The lingerie market is in desperate need of fresh ideas and industry expert Serena Rees has returned to push it forward. In 1994, Rees co-founded Agent Provocateur and introduced a concept that merged sexuality and undergarments in a new way. Following the sale of the innovative company, Rees stepped back from fashion but the outspoken voice of millennials and Generation Z have called her back.
Rees recently launched unisex intimates and streetwear brand, Les Girls Les Boys, to fill the void between gender-specific underwear and overly sexualized lingerie. The label is meant to transition from the “bed to the street” truly honoring the style of the wearer. Everything from the imagery to the messaging celebrates acceptance, difference and individuality — a sentiment that has been lacking in the arena. In the latest LGLB campaign, Sharna Osbourne produced a video graphic that explores the intimacy that siblings, couples and friends can share dispelling the one-note thread of romance.
We got a chance to speak to Serena about why she returned and how LGLB will disrupt the future of intimates.
Why did you decide to re-enter the lingerie market? What was your inspiration?
I didn’t think I would ever make another bra or pair of underwear again because of my previous work. Following the sale of my company Agent Provocateur in 2007 I was approached by every major brand of underwear you could name asking me to work with them. There were great deals but I turned them down because I thought that I’d already done this and there wasn’t a real reason for me to continue. Back in the ’90s, when I first forayed into the underwear world, it was for a reason. It was a time of social change and a difficult time financially due to the recession. We wanted to do something fun and glamorous in a time of discord.
The reason I’m here again doing something different but in the same arena is because we’re at the same point again. We’re in a time of economic, social and political change. Generations are clashing and we’re deciding what the new standards will be. I’ve been observing the transition and I felt compelled to do something. I’m creating something for a younger generation that I feel close with.
How are millennials approaching lingerie differently than previous generations?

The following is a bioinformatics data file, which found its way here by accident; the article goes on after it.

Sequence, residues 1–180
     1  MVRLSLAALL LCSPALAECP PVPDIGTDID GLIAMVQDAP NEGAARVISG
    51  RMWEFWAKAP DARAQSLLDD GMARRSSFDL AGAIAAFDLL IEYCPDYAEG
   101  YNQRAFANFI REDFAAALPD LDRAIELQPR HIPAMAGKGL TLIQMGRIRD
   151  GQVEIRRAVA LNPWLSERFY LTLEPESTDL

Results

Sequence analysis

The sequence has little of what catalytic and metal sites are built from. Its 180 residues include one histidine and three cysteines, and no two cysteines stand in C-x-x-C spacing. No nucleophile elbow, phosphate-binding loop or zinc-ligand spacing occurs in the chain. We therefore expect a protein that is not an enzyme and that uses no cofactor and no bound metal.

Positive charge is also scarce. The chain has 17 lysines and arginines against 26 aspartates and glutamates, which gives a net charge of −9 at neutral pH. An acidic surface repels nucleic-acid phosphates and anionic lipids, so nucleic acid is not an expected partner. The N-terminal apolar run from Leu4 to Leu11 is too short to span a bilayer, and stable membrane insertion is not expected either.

One of the reasons I decided to do this was because I felt like over-sexualized and over-feminized branding from retailers, like Agent Provocateur and Victoria’s Secret, was projecting imagery that had gone too far in one direction. That type of messaging is not real and people don’t want to live up to those types of standards. It’s the same for boys as well. People don’t think about how these things effect the mental health of both young boys and girls.
I wanted to create a brand that says you don’t have to be this ideal, perfect-looking person. You don’t have to be retouched and airbrushed with fake, exaggerated features. Those things aren’t achievable for most. The sexiest thing you can ever be is yourself. Celebrate exactly who you are. This generation has a strong voice and I want to help amplify and share that.
Lingerie has almost become synonymous with sex. Where does Les Girls Les Boys fit in between these two ideas.
Our lingerie is about being you. Sexy — what is sexy? It differs from person to person and we’re saying that clothing can’t make you one thing or another. Sexy underwear became a thing that people had to have in order to enjoy that experience but it’s not about that. It’s not about dressing up and parading around in a corset, garter belt, high heels and a whip. It’s about a different kind of intimacy between young people that is not always purely romantic.
What are some of your favorite pieces from the line?
What’s in the future for the brand?
For 2018, we’re launching swimwear. We’ll be expanding globally in more retail outlets so that shoppers can physically see the items. That and a few more products will be launched as well.